The presidential election in the United States and subsequent events pertaining to the election raise questions, especially for those unfamiliar with the American political system. If we didn’t have names and places in the news, we might think the reports referred to something like Robert Mugabe’s Zimbabwe or the Ukraine’s Orange Revolution or Syria or some obscure new African nation where an infant democratic process is more easily corrupted or where ancient tribal enmities many generations old prevent detente opposing sides. Who would suspect the Untied States of America, founded on democratic principles and, for a couple hundred years, the model and defender of liberty around the world, would be the scene of events reminiscent of a Latin American ‘banana’ republic?
As one who spent a third of my life in the U.S., I am as mystified, curious and deeply saddened as anyone, but I am not surprised. Over the last 60 years I have witnessed the increasing polarisation of the people of the United States, which has grown to the point where real dialogue has almost disappeared, replaced by confrontation. And not just political division, but the same polarisation is demonstrated in religion, economics and just about every other sphere of human activity.
The Bible story that comes to mind is found in Genesis 11: the story of the Tower fo Babel. You know the story: how the people decided to build a tower to heaven. They were making a good fist of it, too, until God got worried about their success and scrambled their language so that they could no longer understand one another. Unable to communicate, the people could no longer effectively work together, so the work on the tower halted.
Whilst the story is an old Babylonian legend, originally told as an aetiology to explain why there are so many languages, it is used by the authors of Genesis to explain the existing estrangement among peoples, which is exactly what we are seeing in the United States. The good news in Genesis 11 is hidden in verse 6:
“And the Lord said, ‘Look, they are one people, and they have all one language; and this is only the beginning of what they will do; nothing that they propose to do will now be impossible for them.’”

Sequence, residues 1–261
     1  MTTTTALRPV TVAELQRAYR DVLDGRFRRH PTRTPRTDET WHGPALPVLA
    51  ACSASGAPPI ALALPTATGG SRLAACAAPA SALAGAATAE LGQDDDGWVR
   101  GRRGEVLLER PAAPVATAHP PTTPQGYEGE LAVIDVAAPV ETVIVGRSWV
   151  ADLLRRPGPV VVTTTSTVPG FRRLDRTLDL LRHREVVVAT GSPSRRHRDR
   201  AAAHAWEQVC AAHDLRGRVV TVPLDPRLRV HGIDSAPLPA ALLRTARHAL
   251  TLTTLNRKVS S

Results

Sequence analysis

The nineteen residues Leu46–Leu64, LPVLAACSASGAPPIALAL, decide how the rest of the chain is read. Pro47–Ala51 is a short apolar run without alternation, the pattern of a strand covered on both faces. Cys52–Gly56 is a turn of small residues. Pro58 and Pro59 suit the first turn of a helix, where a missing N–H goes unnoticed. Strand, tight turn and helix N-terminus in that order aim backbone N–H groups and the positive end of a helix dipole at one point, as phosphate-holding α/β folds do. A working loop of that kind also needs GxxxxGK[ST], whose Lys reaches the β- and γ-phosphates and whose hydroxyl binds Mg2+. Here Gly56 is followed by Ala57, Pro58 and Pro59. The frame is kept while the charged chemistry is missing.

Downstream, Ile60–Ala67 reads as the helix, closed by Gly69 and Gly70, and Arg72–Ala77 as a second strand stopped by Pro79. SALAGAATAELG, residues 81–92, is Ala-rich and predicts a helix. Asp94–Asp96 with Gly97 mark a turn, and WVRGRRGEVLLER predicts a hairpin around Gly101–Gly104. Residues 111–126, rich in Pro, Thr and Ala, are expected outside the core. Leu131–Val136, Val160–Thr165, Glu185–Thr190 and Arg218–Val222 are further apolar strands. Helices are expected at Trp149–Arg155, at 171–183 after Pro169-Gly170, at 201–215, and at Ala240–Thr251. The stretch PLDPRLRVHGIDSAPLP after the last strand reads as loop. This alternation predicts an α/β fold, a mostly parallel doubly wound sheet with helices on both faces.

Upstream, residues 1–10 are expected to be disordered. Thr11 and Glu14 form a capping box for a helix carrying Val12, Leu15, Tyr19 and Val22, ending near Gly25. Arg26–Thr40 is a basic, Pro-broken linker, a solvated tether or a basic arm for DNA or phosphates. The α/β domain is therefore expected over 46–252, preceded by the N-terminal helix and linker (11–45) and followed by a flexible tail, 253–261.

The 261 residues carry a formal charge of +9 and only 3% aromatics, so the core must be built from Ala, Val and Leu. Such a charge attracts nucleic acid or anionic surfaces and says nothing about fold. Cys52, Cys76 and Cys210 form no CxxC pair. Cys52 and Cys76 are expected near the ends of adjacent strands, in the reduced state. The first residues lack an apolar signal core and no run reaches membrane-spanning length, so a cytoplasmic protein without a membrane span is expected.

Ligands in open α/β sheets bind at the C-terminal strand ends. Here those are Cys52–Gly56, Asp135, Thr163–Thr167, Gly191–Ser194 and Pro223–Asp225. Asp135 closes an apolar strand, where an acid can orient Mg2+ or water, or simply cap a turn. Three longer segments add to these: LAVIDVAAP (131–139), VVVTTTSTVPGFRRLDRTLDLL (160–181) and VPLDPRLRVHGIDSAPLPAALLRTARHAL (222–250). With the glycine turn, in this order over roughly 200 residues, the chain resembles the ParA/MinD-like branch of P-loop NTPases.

In other words, when people really understand one another, nothing will be impossible for them. NOTHING will be impossible for us, if only we make the effort to understand one another.
The story of the first Pentecost is the tale of the reversal of the curse of Babel, for after the coming of the Holy Spirit, people from all over the world suddenly were able to understand each other. Unfortunately, this story is also but a legend; however, it thunders out possibility and hope.
This brings me to a second phenomenon that, while certainly evident among Americans, affects human beings generally, and gets in the way of real dialogue between people. In psychology it is known as ‘compartmentalisation’, defined as a defence mechanism by which people suppress their thoughts and emotions. It is not always done consciously, but this can often justify or defend a person’s level of engagement in certain behaviours. We use this mechanism to avoid the anxiety that arises from the clash of contradictory values or emotions.
One example of compartmentalisation that has never ceased to amaze me is the way some very intelligent scientists I’ve met are able to hold on to a literal biblical account of creation. It’s baffling, but it is not as worrying as the ability of devout Christians to support all manner of worldly evils, simply by putting their religious belief in one compartment in their psyche and their political practice in another, never the twain to meet.
Compartmentalisation is the only possible explanation for the strong support of Donald Trump by otherwise very religious evangelical Christians. While one may argue the merits or otherwise of his political achievements, even his supporters acknowledge his moral flaws. His obvious narcissistic personality disorder prevents him making decisions for the good of others unless it serves his ego needs, his psychopathy and errant moral compass depict a polar opposite of the Lord that Christians have promised to serve, and his actions with regard to the pandemic, racist groups and protest movements have demonstrated his unsuitability for leadership.
Much has been written and much more will be scribed about the”Trump phenomenon;” however, it will be with us in one form or another until we deal properly with the social situation that lies behind it. Furthermore, this curse is not only an American problem. Australians have seen a sample of it in the rise of Pauline Hanson, and there will always be the threat of worse things to come until we learn to understand one another and, as a precondition, to understand ourselves.
Jesus said, “So when you are offering your gift at the altar, if you remember that your brother or sister has something against you, leave your gift there before the altar and go; first be reconciled to your brother or sister, and then come and offer your gift.” (Mt. 5:23-24) Basically, he is saying you cannot have a right relationship with God if your relationships with others is not right.